View from City Road: Lloyd investors face long game

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The Independent Online
DOORMEN at the bankers Robert Fleming are said to be unimpressed by the succession of tracksuited punters loping in through their hallowed portals for a copy of the David Lloyd Leisure prospectus.

Any application for shares in this owner of sports clubs, featuring indoor and outdoor tennis courts, swimming pools and gymnasiums, certainly requires more than casual consideration.

Investing in Lloyd undoubtedly carries the risks associated with any young business. Management and financial controls have yet to survive the test of multi-site expansion. The business will absorb a lot of cash since it must open several more clubs before it reaches maturity.

Despite the risky backdrop, Lloyd does have several plus factors. One of the biggest is that it did not get carried away with the Eighties leisure bubble. The first club opened in 1982, and physical growth since then has been pedestrian with roughly one new centre being launched every two years. Profits growth has been considerably faster.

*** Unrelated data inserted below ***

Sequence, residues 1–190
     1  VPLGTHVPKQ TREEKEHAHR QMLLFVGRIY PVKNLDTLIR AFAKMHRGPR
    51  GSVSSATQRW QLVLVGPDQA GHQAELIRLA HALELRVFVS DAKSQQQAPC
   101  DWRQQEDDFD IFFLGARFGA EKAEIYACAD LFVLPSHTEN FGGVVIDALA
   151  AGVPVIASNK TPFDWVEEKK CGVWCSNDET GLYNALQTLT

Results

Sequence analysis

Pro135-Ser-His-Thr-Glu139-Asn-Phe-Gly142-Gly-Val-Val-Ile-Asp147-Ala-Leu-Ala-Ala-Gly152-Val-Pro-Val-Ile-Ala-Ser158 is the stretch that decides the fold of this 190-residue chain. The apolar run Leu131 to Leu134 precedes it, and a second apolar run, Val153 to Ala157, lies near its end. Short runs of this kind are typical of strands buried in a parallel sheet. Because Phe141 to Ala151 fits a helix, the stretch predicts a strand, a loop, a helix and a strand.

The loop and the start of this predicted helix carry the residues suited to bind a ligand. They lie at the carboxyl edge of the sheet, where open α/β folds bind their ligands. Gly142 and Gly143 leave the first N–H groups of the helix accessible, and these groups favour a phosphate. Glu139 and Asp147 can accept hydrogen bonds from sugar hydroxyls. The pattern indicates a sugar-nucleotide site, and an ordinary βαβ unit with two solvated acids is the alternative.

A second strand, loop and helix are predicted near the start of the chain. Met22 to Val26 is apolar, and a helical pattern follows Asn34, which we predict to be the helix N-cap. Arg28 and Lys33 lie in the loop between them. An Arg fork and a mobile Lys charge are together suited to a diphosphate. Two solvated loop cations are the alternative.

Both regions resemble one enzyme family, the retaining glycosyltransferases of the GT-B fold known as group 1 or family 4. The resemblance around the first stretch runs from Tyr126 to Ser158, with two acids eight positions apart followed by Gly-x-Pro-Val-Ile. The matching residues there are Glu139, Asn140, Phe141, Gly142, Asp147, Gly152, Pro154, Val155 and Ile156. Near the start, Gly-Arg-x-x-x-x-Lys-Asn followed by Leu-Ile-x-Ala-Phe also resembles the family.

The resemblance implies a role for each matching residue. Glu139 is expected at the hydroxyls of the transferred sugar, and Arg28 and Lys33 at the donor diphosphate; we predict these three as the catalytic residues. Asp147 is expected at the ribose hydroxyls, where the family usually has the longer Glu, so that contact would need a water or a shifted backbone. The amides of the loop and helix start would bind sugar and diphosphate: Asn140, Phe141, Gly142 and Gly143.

Lloyd's plan now is to speed up to two new sites a year, hence the flotation. As it stands, the company could self-fund one opening a year but it is aware of the need to get to a critical mass of about 13 centres. At that stage, cash flow from existing businesses - largely drawn from membership fees - would more than cover the opening programme, it reckons.

The issue, which closes tomorrow, is tightly priced at 150p per share. The p/e for 1992/3 is 14.5, on projected profits of pounds 5.5m and a low 20 per cent tax charge. The yield is just 2.9 per cent. None the less, Lloyd should get off to a good start and is attractive for those with patience.

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